Thu. May 23rd, 2024

[Review] Going Under – Nintendo Switch

By Elly Oak Nov1,2020
Developed By: Aggro Crab Games
Published By: Team17
Categories: Roguelike, Employment
Release Date: 09.24.20

Going Under might hit a bit close to home for people who’ve ever had been in a “Toxic Positivity” kind of job. Higher ups push for impossible ideas, naysayers are mocked for disagreeing with even the slightest idea. In Going Under you’re a new employee, an unpaid intern to a Soda Company named Fizzle, owned by a Subscription Box company named Cubicle. Instead of actually doing your job, you’re pushed by your boss to go down to the failed startups below your building to kill the goblins making too much noise. Needless to say, this isn’t what you signed up for.

The down bellow is a rogulike, but I never really ever got the vibe, despite having all of the landmarks of the genre. Randomly Generated dungeons, stacking powerups, failing sends you back to the top only to have to start again. When playing, it just felt like playing a dungeon from The Legend of Zelda. When you’re down killing goblins, you’ll pick up a lot of weapons and various random junk items to use as weapons, giving off a nice Dead Rising vibe. Using your fists is fine, but getting a sword off of a goblin is even better. It breaks? Just grab the neighboring laptop or meat on a stick and beat the goblins over the head. Normal weapons more often than not are just strong and don’t have neat perks, but using the random things you find can like computer monitors, lamps, tablet pens, they can all shock or burn, or even freeze those hit with it. I’d be remissed to not mention the apps you can find. Usually just temporary boosts, AoE attacks, or even an app that gives you an invincible car to wreck havoc with. Also found in the dungeons are shops to buy abilities, weapons, healing items (one of which can even raise your health for the run). So the first dungeon, Joblin; covers a joke on failed startups, Styxcoin; the whole crypto currency fad, with literal block chains inside of as mine, with drill robots and minecarts, Winkydink; a joke on dating apps, with it’s own weapon in the form of bodypillows. Each dungeon has their own challenges ranging from just defeating everyone in a room as a fast as possible, collecting all of the crypto (which can be later exchanged for regular cash), and of course going on a date, which is more or less a strong boss like enemy well before the actual boss.

Peculiar rooms can have abilities, like any roguelike. Use them enough and you can permanently have them set. The further you advance, you can even buy abilities in the office to find in dungeons, and repeat the process. You can do favors for your coworkers, which in turn make them your guardians for dungeons, which has it’s own set of abilities and perks. So what kind of powerups can you even use? Making two armed weapons one handed, making critical hits electrocute enemies, immediately knocking everything down the moment you walk in a room, having an enemy join your side, to even simple ones like more money, revives, and holding more than one app.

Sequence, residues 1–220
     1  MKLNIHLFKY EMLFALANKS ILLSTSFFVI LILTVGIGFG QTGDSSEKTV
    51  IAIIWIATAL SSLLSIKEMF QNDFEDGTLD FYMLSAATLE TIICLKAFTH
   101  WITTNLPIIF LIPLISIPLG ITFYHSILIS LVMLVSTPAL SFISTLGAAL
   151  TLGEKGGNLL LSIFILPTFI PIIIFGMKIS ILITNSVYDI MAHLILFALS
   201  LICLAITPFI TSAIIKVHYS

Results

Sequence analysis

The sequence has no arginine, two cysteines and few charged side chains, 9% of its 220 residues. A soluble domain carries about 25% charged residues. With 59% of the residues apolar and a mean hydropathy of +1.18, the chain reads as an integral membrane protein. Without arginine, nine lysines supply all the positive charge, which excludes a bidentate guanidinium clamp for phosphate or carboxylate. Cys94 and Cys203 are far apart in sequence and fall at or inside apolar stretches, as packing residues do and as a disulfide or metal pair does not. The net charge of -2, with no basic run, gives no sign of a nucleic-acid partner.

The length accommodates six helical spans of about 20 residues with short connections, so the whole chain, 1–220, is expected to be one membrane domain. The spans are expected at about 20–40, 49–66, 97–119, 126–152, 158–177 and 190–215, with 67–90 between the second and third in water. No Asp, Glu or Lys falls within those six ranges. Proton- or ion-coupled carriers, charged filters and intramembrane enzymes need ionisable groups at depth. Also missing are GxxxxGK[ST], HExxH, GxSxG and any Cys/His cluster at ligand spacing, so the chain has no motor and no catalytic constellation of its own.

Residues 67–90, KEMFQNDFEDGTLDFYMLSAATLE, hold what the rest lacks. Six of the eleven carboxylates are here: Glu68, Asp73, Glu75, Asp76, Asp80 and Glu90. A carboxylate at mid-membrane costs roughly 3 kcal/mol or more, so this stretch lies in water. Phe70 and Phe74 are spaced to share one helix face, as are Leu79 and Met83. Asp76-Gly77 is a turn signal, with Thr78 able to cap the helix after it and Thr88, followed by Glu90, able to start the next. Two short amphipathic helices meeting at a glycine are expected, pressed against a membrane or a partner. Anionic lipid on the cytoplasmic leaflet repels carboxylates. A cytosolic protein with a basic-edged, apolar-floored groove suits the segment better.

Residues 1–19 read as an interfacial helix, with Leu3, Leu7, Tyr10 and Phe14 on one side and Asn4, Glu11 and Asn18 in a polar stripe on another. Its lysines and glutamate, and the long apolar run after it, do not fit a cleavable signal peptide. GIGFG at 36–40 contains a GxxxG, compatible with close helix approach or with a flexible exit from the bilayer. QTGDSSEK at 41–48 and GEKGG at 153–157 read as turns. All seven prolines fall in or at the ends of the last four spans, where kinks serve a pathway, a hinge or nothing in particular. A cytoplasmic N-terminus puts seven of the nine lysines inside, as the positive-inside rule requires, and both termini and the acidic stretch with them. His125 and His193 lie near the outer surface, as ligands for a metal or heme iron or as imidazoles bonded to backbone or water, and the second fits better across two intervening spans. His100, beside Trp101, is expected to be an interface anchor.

I’m not sure if I like how the game looks or not. While I love the art in the game, especially for characters, the character models themselves are maybe a bit too simple. Most everything in the game has this no edged, very round look to it all. For stationary objects, it look fine, but your character looks awkward, especially when not holding weapons moving. All that said, I do think the almost saccharine artstyle fits with how badly companies push to be a shining light of positivity, even to a fault. Music is mostly low key, lounge type, relaxing music, I quite like it, and when it needs to, it does hype up and get more active, which I also quite like. I’ve never heard of the composer King Felix before, but he left a good impression on me with this game’s soundtrack.

So the game is fun, it has good music, but my favorite part of the Going Under is it’s writing. It’s witty, sarcastic, and very self aware. It’s again a thing you’ll probably get more if you’ve ever been in the same environment. Each character you’ll talk to is probably someone you recognize in the workplace, my favorite being the dachshund, who you can pet. Who’s owner chastises you for calling it hip dog lingo like pupper. Seeing as the game focuses very much around modern tech and internet business, you’ll have talk on apps, bitcoins, AI. It’s usually tongue in cheek, but isn’t uninformed.

The game is quite difficult, which is a genre mainstay, but it has a really in depth assistance mode to cater the game’s workings to how you’re most comfortable. I chose not to use it, but the fact it’s there is a fantastic addition. Even with the game’s difficulty though, the game never did feel cheap.

Most of my issues with the game are incredibly minor, and probably opinion centered. However, on multiple occasions, I would be trapped and forced to exit a run, no matter how far I’m into a dungeon. This would happen most often in minecarts, so I just avoided using them. This kind of soils what is otherwise a pleasant game, even if slightly.


Buy Now: $19.99



*Game Download Code supplied for review purposes

We Think You'll Like